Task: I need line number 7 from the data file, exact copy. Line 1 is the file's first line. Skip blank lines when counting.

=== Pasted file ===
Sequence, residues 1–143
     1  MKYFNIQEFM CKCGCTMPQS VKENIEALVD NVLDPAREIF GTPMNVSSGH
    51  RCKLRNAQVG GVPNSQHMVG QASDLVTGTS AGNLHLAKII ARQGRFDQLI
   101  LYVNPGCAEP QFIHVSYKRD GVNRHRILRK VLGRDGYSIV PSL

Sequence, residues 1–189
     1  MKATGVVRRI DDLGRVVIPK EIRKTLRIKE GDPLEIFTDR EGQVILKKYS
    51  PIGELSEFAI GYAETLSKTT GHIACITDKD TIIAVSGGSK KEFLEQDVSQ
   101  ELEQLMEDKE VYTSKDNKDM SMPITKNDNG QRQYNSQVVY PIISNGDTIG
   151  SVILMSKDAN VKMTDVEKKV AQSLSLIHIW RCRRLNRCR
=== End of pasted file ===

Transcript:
    51  PIGELSEFAI GYAETLSKTT GHIACITDKD TIIAVSGGSK KEFLEQDVSQ